Sign up for Sight & Sound’s Weekly Film Bulletin and more

News, reviews and archive features every Friday, and information about our latest magazine once a month.

Train movies are as old as cinema itself; ever since the famous arrival in 1896 of a steam locomotive in the gare de La Ciotat. Of course, the railroad movie gives up the freedom of its vehicular cousin, making its characters passengers rather than drivers, passively along for the ride, as in Wes Anderson’s The Darjeeling Limited (2007), or literally imprisoned, as in Bong Joon Ho’s Snowpiercer (2014). That sense of claustrophobia makes nonsense of the old advertising injunction to “Let the train take the strain”, but makes trains perfect for James Bond punch-ups, manic Silver Streak (1977) capers or Orient Express-style murder mysteries. The clickety-clack of the wheels on the rails can lead to psychosis – see Dennis Hopper in Tracks (1976) – just as frequently as they can be a prelude to lovemaking, most outrageously in Alfred Hitchcock’s North by Northwest (1959).

The type of journey you have depends very much on whether your travelling companion is Robert Shaw or Eva Marie Saint. To find someone like Lyokha (Yuriy Borisov) in your sleeping compartment for what promises to be a long journey is something of a nightmare. A skinhead with the feral look of a young Robert Carlyle on dirty speed, he’s boorish and misogynistic, drinks vodka and smokes so much that even when he’s not smoking, he’s smoking. He eats sausages  and tangerines – scattering peel in the confined space. Unfortunately, such is the situation of Finnish archaeology student Laura (Seidi Haarla) as she heads north on the 1,200-mile journey from Moscow to Murmansk in the Arctic Circle.

To make it worse, the journey is going to take days. Even now it takes a day and a half, but this is the 1990s, in the immediate aftermath of the dissolution of the Soviet Union. Laura is learning Russian and in a relationship with an older woman, Irina (Dinara Drukarova). That the relationship is in trouble is obvious from an opening scene in which Irina teases Laura humiliatingly in front of her guests at a party. Irina was supposed to be joining Laura on the trip to see some prehistoric rock carvings at Murmansk, or petroglyphs as she refers to them. The journey has the flavour of a school trip, though one without her teacher/lover, as Irina has backed out. Her insistence that Laura should still go might seem a little too enthusiastic, as if she has a reason to get her partner out of the picture, but Laura hasn’t quite clicked.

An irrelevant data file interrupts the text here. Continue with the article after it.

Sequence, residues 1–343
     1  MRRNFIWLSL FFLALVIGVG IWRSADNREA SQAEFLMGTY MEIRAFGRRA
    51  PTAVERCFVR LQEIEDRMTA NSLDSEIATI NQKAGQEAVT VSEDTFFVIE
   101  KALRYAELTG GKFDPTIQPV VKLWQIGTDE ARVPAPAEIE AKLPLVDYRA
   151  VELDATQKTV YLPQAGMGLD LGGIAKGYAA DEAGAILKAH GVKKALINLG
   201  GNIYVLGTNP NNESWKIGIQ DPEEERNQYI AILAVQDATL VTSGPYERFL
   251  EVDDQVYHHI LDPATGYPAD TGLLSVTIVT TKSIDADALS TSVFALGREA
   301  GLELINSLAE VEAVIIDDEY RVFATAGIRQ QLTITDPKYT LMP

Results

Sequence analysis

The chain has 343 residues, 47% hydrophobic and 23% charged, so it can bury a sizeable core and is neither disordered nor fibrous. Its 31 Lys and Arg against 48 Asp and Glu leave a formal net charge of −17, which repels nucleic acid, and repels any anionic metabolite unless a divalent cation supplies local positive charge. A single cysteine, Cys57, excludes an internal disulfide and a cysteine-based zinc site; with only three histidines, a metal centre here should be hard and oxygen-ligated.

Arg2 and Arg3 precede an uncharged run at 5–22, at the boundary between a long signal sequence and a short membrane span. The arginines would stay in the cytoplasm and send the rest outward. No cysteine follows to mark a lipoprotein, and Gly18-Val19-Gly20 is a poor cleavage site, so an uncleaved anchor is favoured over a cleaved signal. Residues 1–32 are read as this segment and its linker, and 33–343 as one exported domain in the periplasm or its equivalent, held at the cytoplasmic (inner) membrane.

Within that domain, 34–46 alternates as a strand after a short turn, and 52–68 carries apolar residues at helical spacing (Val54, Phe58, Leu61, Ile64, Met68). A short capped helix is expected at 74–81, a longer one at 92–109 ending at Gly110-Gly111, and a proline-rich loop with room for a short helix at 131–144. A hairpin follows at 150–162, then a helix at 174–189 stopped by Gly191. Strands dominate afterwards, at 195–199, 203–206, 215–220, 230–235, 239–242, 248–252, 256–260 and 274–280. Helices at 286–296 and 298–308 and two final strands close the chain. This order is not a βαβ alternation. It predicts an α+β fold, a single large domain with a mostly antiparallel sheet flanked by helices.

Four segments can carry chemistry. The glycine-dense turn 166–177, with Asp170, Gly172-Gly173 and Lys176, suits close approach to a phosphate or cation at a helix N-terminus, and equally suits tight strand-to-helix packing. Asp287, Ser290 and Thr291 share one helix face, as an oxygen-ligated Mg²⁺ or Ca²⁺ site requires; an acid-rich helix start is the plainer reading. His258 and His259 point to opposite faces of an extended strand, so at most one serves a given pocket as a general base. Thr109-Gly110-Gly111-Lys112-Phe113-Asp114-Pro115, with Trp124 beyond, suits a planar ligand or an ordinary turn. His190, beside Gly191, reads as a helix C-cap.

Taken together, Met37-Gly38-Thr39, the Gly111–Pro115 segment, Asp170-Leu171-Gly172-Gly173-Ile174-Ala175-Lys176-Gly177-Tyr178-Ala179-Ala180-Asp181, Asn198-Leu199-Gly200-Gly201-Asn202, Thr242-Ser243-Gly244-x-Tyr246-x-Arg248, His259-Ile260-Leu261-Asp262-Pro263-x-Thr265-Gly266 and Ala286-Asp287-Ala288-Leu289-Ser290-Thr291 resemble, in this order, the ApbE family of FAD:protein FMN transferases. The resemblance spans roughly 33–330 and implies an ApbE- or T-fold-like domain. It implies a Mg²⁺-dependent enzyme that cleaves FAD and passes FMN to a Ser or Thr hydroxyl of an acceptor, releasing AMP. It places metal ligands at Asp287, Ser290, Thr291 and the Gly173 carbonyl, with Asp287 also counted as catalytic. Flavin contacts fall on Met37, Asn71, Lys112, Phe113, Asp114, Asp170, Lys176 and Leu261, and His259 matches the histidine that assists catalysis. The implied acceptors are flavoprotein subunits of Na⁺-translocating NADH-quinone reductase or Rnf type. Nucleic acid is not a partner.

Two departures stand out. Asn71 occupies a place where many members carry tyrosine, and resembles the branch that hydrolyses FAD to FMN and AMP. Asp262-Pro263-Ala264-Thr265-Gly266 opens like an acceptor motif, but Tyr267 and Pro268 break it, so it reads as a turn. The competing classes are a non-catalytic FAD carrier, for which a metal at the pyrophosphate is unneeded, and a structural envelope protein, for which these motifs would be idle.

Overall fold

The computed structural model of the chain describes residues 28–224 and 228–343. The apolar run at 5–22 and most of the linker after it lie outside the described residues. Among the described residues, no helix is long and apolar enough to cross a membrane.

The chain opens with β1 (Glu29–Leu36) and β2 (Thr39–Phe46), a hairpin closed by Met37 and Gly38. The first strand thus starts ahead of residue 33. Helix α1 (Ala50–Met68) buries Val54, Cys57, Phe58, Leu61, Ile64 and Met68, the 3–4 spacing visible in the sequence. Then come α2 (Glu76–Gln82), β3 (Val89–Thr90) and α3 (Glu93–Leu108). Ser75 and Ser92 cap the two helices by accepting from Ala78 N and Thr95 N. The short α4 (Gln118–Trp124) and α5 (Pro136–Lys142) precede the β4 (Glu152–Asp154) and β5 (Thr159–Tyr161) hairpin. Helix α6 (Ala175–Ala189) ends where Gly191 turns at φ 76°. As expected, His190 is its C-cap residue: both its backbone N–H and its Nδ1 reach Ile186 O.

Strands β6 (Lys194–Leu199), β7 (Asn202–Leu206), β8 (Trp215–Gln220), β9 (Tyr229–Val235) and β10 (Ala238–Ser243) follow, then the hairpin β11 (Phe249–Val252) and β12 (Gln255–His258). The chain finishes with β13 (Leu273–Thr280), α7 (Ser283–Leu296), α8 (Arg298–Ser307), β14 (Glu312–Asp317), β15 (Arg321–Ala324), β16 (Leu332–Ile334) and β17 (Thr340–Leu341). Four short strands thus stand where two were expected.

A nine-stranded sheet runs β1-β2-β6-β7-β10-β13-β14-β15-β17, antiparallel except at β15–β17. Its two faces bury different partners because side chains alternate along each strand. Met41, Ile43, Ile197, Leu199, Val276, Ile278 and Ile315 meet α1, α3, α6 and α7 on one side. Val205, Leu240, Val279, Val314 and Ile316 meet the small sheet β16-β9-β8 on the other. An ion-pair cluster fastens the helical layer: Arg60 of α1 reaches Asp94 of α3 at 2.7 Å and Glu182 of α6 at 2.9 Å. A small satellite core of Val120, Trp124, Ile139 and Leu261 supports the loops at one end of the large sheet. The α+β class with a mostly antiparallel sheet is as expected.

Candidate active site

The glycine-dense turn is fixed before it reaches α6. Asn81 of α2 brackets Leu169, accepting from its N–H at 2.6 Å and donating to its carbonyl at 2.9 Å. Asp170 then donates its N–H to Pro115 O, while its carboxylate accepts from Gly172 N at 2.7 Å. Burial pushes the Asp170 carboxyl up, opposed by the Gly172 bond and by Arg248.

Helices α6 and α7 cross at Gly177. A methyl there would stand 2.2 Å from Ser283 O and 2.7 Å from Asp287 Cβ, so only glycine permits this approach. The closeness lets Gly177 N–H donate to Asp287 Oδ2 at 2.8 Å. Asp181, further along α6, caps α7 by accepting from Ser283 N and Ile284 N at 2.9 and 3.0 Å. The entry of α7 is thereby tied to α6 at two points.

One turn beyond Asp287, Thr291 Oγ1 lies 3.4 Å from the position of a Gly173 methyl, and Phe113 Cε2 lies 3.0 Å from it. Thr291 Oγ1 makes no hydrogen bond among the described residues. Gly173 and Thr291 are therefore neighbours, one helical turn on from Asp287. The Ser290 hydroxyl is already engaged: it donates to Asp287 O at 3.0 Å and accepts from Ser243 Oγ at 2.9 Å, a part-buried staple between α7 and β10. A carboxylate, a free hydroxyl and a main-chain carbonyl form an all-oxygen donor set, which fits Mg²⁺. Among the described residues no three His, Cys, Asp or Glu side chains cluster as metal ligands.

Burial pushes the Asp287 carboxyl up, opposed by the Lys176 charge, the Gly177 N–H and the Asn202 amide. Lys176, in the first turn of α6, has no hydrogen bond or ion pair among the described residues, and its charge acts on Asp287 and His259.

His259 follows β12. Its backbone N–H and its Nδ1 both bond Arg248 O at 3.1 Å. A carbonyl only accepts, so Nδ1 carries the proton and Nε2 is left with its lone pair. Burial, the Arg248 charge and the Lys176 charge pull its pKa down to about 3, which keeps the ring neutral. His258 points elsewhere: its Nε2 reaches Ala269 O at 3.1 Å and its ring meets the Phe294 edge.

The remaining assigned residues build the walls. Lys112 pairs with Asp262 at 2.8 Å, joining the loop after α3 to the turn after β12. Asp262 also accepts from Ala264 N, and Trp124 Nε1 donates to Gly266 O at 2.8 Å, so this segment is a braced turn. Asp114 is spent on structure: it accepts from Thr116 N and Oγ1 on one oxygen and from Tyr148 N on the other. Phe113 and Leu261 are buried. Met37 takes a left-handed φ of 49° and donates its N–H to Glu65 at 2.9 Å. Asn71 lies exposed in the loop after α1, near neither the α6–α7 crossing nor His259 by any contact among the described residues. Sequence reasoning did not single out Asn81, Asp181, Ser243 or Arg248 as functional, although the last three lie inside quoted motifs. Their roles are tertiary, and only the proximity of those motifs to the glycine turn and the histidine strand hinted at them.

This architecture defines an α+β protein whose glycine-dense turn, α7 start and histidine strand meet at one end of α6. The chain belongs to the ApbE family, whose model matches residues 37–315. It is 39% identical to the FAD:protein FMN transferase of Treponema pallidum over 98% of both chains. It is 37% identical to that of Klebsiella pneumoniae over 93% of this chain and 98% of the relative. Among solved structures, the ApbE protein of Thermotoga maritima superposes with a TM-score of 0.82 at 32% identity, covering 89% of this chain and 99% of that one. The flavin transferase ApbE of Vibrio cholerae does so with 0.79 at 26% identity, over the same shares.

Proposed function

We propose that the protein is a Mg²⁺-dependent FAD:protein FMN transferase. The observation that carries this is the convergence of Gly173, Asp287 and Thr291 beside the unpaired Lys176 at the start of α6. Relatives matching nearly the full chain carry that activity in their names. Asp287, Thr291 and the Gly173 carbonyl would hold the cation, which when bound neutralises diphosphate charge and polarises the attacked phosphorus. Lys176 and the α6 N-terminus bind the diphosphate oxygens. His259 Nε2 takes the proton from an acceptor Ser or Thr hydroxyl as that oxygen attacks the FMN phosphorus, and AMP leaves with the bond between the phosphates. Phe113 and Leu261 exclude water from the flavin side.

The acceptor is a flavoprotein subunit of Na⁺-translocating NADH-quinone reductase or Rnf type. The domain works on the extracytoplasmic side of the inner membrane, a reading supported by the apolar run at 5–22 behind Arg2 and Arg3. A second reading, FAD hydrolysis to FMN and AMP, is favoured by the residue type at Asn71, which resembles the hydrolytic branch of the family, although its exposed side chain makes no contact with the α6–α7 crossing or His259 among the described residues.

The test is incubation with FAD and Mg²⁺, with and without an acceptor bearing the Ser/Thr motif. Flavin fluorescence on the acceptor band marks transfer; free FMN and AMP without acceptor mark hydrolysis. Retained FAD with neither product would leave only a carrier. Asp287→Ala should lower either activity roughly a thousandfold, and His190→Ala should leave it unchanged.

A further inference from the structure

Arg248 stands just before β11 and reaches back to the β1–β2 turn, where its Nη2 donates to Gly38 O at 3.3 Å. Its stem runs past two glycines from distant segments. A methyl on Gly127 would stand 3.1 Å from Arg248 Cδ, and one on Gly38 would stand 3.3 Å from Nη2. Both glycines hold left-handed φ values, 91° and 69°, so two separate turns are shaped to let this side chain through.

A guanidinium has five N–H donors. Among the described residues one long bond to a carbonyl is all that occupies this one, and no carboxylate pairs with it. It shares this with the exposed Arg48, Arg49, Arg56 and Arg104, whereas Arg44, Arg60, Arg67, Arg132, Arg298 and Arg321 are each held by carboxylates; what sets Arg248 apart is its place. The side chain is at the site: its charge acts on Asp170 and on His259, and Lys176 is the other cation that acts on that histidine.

Armed with a camcorder and a Walkman playing pop songs, Laura braves the Russian rail system, with its long inexplicable stops and surly conductor, its poorly stocked dining car and compartments you can’t even bribe yourself out of. In Russia, even corruption isn’t reliable. Then there’s Lyokha, the knuckleheaded cherry on the shit cake. Yet, as they quarrel and bicker, it becomes apparent that Lyokha is the John Candy to Laura’s Steve Martin, and after her initial shock and understandable attempts to escape him, she begins to melt to his charm, energy and humour.

Juho Kuosmanen’s first film was the soulful boxing comedy The Happiest Day in the Life of Olli Maki (2016), which strolled off with first prize in the Un Certain Regard sidebar at Cannes. For his follow-up, Kuosmanen and his co-writers Andris Feldmanis and Livia Ulman have freely adapted Rosa Liksom’s novel, shifting the action from the 1980s to the 1990s, though as far as train carriages and provincial railway stations go, Russian decades shunt into each other fairly indistinguishably. The production design by  regular collaborator Kari Kankaanpää creates a pre-digital, pre-mobile phones world of thuddy ‘thingness’ – telephone kiosks, jars of preserves and the train itself, with its wonky samovar and stuffy compartments. When Laura and Lyokha squeeze through the packed third-class carriage – a still lower ring of hell – the smell of the feet almost wafts from the screen. Jani-Petteri Passi’s unobtrusive handheld camera makes the most of the tungsten oranges and drizzle blues coming in through the train windows. What we see of Russia is largely station platforms or weather.